The Pale White by Chad Lutzke
Publisher: Crystal Lake Publishing | Release Date: Sept. 27, 2019 | Pages: 85
My rating: 4 of 5 stars
Like John F.D. Taff, a writer known as “The King of Pain” to his readers, Chad Lutzke is an author known for his ability to tap into to his audience’s emotions and wreak them. Lutzke focuses on the human element, forgoing monsters, creatures, and demons to showcase the awful deeds mankind is more than capable of inflicting upon itself without any kind of supernatural or otherworldly assistance, and plumbing the emotional fallout of these actions.
In The Pale White, Lutzke introduces us to a trio of girls, each of whom has been abducted by Doc and inducted into a sex slave ring that he runs out of his home. Alice has been there the longest, going on nearly a decade, while high schooler Staci was abducted roughly a year ago. While both have had a horrifying existence under Doc’s roof, the most tragic is nine-year-old Kammie, made nearly mute by her experiences and whose only reliable companion is the potted fern she tends to. The girls are forced to live in darkness because, as Staci explains in this novella’s opening chapter, “Nobody wants to rape a girl in broad daylight, the sun spotlighting their sin.”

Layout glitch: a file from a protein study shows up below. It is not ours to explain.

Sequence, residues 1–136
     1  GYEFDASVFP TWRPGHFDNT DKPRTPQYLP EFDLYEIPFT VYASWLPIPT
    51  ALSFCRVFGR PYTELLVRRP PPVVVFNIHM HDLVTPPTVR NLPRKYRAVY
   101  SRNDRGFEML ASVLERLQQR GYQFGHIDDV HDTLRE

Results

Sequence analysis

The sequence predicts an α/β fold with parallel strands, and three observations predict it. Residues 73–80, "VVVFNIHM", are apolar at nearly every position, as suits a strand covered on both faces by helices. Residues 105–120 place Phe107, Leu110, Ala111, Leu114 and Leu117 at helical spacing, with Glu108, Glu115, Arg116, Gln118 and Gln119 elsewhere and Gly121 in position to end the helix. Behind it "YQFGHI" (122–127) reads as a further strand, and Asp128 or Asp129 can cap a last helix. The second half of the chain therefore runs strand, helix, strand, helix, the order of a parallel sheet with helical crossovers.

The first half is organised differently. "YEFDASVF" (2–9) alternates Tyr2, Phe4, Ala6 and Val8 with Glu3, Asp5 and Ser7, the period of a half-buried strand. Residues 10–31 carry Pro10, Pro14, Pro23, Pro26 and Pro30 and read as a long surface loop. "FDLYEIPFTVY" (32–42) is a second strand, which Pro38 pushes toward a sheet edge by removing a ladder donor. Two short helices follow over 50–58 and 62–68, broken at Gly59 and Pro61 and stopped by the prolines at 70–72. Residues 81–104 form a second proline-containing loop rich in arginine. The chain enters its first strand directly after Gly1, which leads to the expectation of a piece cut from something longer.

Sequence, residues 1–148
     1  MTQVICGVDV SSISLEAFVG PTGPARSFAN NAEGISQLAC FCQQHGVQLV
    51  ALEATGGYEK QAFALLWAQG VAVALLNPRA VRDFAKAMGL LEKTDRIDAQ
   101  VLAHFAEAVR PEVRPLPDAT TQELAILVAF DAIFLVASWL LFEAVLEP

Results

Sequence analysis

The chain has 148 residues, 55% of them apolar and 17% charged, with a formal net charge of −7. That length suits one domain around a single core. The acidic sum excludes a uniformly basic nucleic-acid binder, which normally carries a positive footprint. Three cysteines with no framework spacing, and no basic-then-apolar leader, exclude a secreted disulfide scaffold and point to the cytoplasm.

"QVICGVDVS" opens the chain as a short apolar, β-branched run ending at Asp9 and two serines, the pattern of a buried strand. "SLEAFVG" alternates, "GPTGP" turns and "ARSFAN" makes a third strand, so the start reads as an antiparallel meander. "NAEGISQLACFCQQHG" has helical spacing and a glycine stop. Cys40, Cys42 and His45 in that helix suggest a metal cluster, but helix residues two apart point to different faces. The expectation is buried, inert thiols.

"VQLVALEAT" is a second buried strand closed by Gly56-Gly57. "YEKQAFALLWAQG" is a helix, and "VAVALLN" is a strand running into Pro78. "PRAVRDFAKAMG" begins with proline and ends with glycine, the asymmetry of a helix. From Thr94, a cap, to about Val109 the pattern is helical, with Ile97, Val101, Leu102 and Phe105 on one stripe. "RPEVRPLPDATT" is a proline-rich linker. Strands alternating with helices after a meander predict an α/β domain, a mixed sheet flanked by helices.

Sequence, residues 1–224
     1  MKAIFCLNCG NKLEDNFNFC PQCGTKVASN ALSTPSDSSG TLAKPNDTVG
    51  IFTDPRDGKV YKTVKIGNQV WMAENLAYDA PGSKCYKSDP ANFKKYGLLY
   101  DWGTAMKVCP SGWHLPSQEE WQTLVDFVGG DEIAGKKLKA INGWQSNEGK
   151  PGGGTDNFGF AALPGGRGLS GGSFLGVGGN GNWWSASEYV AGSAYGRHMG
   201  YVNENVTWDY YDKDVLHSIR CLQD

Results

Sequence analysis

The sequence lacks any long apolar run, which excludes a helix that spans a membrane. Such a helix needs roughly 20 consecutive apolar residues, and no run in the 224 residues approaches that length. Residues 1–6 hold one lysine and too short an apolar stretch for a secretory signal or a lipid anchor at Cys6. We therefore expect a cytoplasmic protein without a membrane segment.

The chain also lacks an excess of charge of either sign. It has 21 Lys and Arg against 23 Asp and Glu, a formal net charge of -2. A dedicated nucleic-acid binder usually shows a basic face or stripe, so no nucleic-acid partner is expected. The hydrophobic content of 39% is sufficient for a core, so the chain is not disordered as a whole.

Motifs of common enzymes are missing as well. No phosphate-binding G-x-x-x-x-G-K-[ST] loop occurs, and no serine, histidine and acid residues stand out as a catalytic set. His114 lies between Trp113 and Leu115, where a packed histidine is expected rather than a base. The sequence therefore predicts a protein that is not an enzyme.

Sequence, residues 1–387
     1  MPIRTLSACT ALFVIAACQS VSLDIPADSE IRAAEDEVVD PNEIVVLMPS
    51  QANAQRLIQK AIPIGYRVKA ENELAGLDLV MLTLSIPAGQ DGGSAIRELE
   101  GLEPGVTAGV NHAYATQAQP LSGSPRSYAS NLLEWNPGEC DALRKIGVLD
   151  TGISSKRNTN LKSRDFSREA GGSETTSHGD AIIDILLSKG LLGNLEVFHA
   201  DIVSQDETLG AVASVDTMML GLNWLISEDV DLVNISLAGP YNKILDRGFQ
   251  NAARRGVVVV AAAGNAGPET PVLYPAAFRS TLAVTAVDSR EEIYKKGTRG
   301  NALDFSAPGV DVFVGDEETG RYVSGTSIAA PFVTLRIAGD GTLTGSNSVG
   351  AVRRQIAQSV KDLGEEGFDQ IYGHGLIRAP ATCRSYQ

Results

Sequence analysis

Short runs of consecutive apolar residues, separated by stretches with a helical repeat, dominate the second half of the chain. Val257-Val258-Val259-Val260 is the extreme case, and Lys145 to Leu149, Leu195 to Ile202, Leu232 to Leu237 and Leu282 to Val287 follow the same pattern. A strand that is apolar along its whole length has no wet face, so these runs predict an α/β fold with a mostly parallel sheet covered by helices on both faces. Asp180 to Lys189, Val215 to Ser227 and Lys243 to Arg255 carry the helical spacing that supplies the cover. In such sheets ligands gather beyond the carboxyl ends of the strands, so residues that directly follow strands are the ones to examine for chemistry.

The Pale White, of course, is an incredibly tragic story, built around the heinous and depraved actions of men who rape, but the sex slave ring is not Lutzke’s primary focus. Rather than inundating readers with one deplorable sequence of sexual violence after another, Lutzke starts his story where many other authors would have finished theirs, with the murder of Doc and the girls escape from captivity. What follows is a twenty-four hour journey as these girls decide what to do next and how, now that they are free from Doc’s attic, they will escape Doc’s shadow.
These girls are victims, but they are also, most certainly, survivors, and that’s the focus of Lutzke’s story. The Pale White is about these girls reclaiming both their freedom and their strength. This aspect of the story shines through most powerfully in Kammie. Doc has wreaked so much havoc upon her development, both mentally and physically, and it’s questionable if she’ll ever fully recover. Taken as an infant, she’s never known normalcy, only abuse, and you can’t help but wonder if she’s been doomed by her own birth. There’s a moment roughly two-thirds in the story where Kammie asks such a powerful question to Staci that it absolutely stole my breath and let me wondering what kind of life is ahead for her, if she’s even allowed to have one.
Although these girls were each trafficked for sex, the real story here is one of redemption and reclamation. It’s about escaping an awful past in order to build a better future, and doing so as a found family. While there’s an inescapable darkness at the core of this book, it’s all about finding the light, and under Lutzke’s deft guidance, The Pale White shines brightly.